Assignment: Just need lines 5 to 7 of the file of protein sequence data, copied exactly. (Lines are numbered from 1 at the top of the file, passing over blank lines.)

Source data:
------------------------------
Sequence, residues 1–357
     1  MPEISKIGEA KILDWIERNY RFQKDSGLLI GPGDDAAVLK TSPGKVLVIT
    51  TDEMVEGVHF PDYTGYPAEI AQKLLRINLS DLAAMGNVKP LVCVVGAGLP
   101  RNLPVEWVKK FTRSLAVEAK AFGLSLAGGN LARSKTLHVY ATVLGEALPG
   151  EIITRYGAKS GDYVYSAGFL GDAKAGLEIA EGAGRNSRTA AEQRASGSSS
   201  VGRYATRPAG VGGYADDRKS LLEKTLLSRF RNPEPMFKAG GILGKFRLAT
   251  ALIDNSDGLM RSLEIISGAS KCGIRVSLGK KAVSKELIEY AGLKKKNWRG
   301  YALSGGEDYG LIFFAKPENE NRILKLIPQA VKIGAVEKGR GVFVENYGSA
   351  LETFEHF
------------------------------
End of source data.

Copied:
   151  EIITRYGAKS GDYVYSAGFL GDAKAGLEIA EGAGRNSRTA AEQRASGSSS
   201  VGRYATRPAG VGGYADDRKS LLEKTLLSRF RNPEPMFKAG GILGKFRLAT
   251  ALIDNSDGLM RSLEIISGAS KCGIRVSLGK KAVSKELIEY AGLKKKNWRG